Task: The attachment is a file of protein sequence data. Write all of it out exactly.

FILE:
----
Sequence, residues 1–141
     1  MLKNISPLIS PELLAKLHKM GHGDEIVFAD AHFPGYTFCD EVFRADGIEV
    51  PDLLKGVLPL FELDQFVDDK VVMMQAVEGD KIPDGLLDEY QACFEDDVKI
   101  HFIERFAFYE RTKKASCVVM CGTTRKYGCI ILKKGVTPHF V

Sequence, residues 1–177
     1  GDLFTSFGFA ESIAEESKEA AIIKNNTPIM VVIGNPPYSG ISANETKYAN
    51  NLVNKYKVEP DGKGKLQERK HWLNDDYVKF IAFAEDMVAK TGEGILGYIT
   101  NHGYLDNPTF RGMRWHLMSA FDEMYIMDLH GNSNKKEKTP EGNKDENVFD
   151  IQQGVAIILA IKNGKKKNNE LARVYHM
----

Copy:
Sequence, residues 1–141
     1  MLKNISPLIS PELLAKLHKM GHGDEIVFAD AHFPGYTFCD EVFRADGIEV
    51  PDLLKGVLPL FELDQFVDDK VVMMQAVEGD KIPDGLLDEY QACFEDDVKI
   101  HFIERFAFYE RTKKASCVVM CGTTRKYGCI ILKKGVTPHF V

Sequence, residues 1–177
     1  GDLFTSFGFA ESIAEESKEA AIIKNNTPIM VVIGNPPYSG ISANETKYAN
    51  NLVNKYKVEP DGKGKLQERK HWLNDDYVKF IAFAEDMVAK TGEGILGYIT
   101  NHGYLDNPTF RGMRWHLMSA FDEMYIMDLH GNSNKKEKTP EGNKDENVFD
   151  IQQGVAIILA IKNGKKKNNE LARVYHM